Distressed country people don’t recognise mental illness

Thursday, 21 June 2018
AJRH
ARJH

 

A third of country people suffering moderate to high psychological distress don't think they have a mental health problem.

That's the striking finding of research about to be published in the Australian Journal of Rural Health, the National Rural Health Alliance's peer reviewed journal.

Two and a half thousand people were surveyed from across rural and remote New South Wales by researchers at Newcastle University and Hunter New England Mental Health.

Respondents were asked if they'd experienced any mental health problems in the past twelve months, and then filled in a questionnaire that measures psychological distress.

472 people reported moderate to very high levels of psychological distress in the past twelve months.  A third of these people did not report any mental health problems.

They were mainly married women who had a job.  About half of that group were 55 years or over. 

The survey, called "Self recognition of mental health problems in a rural Australian sample", breaks new ground in rural mental health research.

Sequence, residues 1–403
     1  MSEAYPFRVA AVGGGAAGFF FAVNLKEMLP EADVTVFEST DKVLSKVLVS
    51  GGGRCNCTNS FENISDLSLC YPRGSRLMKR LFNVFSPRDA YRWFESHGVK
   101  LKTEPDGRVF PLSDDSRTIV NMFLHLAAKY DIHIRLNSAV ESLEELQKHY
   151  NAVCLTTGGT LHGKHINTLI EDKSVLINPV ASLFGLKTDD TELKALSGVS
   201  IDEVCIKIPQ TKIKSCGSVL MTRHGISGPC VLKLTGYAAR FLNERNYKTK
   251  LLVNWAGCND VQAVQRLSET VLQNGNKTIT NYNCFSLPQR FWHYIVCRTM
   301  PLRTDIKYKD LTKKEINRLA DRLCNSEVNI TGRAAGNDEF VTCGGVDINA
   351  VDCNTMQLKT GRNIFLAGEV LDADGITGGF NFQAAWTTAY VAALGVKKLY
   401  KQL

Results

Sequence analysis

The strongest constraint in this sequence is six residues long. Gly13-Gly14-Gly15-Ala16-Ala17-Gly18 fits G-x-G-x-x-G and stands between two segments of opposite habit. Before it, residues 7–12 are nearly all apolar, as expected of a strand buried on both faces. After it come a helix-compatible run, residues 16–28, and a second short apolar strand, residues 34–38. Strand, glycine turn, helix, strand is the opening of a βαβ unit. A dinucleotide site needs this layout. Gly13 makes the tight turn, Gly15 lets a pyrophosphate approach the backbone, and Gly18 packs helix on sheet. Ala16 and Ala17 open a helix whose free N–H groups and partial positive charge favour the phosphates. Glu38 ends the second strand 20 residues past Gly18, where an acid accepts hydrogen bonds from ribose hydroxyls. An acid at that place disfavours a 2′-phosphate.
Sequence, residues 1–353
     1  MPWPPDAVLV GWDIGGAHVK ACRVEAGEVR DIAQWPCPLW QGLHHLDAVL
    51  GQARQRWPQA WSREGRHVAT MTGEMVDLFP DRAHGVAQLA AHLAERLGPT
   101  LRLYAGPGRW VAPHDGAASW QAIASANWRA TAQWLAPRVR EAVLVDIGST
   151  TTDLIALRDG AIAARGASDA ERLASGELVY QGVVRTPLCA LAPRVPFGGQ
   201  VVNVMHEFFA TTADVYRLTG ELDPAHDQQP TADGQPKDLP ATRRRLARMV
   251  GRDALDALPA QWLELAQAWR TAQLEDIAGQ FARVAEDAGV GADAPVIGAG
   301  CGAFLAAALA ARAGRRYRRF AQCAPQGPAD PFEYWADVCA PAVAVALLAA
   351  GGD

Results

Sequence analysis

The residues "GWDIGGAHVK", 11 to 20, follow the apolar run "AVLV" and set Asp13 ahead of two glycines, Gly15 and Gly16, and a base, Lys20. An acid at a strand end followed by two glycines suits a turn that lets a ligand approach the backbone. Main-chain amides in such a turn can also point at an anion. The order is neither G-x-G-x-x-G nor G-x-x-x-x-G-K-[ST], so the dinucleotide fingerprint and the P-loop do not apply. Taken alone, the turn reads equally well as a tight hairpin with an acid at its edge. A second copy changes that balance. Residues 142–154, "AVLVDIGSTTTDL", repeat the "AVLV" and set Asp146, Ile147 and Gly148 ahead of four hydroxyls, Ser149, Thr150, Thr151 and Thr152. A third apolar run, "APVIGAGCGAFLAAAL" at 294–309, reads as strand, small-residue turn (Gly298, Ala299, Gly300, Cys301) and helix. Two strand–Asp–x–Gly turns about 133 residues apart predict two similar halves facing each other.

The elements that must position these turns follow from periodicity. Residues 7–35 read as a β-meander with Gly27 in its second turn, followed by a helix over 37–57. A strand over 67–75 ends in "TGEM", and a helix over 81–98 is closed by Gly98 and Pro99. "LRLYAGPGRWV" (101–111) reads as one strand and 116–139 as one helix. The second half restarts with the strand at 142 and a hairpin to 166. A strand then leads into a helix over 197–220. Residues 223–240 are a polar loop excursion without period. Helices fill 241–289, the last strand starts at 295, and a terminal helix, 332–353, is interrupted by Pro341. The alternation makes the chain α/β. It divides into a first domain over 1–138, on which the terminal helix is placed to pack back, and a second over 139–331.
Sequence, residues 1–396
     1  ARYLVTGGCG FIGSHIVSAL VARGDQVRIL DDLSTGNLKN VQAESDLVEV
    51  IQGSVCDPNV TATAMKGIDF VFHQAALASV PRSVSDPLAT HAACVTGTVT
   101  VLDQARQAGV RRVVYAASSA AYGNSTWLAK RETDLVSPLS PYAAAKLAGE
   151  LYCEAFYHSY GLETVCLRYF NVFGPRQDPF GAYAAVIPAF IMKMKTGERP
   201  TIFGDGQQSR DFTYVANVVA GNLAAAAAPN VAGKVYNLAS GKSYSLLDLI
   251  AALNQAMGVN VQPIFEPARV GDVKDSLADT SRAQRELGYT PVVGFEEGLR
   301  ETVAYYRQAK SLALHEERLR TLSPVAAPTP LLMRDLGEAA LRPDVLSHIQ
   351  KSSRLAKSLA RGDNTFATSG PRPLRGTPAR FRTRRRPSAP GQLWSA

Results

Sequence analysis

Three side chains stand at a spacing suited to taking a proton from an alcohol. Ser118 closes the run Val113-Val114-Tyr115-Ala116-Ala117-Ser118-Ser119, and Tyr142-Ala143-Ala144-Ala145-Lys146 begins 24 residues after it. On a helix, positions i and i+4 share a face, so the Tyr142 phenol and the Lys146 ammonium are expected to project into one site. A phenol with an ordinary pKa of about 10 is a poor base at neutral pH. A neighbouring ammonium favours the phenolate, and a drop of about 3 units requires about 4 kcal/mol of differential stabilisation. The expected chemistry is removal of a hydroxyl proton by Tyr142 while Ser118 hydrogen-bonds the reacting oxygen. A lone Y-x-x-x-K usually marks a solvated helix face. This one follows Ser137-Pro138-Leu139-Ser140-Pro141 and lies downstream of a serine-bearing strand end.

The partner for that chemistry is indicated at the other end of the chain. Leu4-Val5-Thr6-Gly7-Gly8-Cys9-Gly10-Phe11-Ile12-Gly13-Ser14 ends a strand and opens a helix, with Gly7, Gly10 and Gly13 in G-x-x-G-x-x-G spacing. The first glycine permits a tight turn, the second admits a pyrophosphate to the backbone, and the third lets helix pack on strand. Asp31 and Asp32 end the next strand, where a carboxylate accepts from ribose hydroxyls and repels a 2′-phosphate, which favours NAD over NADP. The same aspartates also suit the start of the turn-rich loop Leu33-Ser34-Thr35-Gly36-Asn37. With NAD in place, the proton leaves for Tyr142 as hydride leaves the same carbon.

It shows that a significant portion of country people have problems identifying mental illness.

A previous benchmark survey was conducted seven years ago called "Public recognition of mental disorders and beliefs about treatment". It also found that Australians have difficulty recognising the symptoms of mental illness, but most of the respondents were from urban areas.

The new study said that mental illness in rural areas is often under reported because of the lack of mental health professionals working in the country.

But it noted that rural people are less likely to seek help even if services are available.

The study said "poor mental health literacy" is a critical barrier to country people getting the help they need.

It adds that country people are reluctant to acknowledge distress as a problem, and have a tendency to associate ‘mental health problems’ with severe disorders that might require hospitalisation.

The authors, Tonelle Handley, Terry Lewin, David Perkins and Brian Kelly say there's an obvious need for a public health campaign that specifically targets country people.

This article has been made open access for six weeks.

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